Using the potentiometer, we adjusted this threshold to 900. This meant that ambient light could fluctuate and not bother the system, but when the laser was suddenly cut, then we have a trip active. Once this is detected, then the shutter function is called.

This is the type of project that can easily be customised or modified to suit your needs. The tripwire itself should be considered modular, and you can easily add your code but where do we add it. This is where the shutter function comes into effect.

Because our trigger calls the "shutter" function, you can simply hijack the shutter function to perform whatever actions you would like to perform when the LASER trip wire is triggered. Perhaps you want to trigger a siren, some flashing lights, alert yourself via Twitter, and more. Whatever you would like to do, simply put it inside the shutter function and you don't need to modify any other parts of the code.

void loop() {
  int val = analogRead(adjPin);
  val = map(val, 0, 1023, 0, 2046);
  if (analogRead(tripPin) < val) {
    digitalWrite(grnLED, HIGH);
    digitalWrite(piezoPin, HIGH);
  } else {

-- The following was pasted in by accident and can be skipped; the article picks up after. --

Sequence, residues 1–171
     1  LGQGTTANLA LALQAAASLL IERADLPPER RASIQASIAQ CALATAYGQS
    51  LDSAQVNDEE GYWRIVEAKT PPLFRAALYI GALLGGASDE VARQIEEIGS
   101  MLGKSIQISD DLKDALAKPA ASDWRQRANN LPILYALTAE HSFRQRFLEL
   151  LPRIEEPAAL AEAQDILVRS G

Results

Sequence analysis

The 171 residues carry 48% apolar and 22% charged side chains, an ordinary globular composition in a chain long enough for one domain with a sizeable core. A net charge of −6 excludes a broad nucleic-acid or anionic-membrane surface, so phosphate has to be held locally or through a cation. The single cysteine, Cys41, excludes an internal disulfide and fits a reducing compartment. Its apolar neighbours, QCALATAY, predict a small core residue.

digitalWrite(grnLED, LOW);


We have included the potentiometer to allow us to calibrate the device. This is because of the changes that will happen with ambient light. If we were using the device in an environment where the light does not change, you could ignore the potentiometer altogether and just substitute the right value for the threshold point.

To calibrate the unit, attach the laser to power and shine it on the LDR. The green LED should be off. Turn the potentiometer until the light turns on, and the system is triggered. Once this is active move the potentiometer back slightly and the system is ready to go.

If you look back at our code, you can see that we remap the potentiometer value from the standard 1023 to 2046. This means that the middle point of the potentiometer will be used for the calibration, rather than all the way to one end.


We have used the LDR and a laser to create a highly accurate yet low-cost tripwire. The system could easily be expanded to produce timing loops for racing or slot cars, or other fun things. It could also be modified to have several different LDRs over a target area, to create a virtual shooting range.

WARNING: Lasers, while cool, are not toys. Directing the beam towards your own or another person’s eyes can be serious and even cause harm. We recommend the use of safety glasses during any exposure to laser-emitting diodes.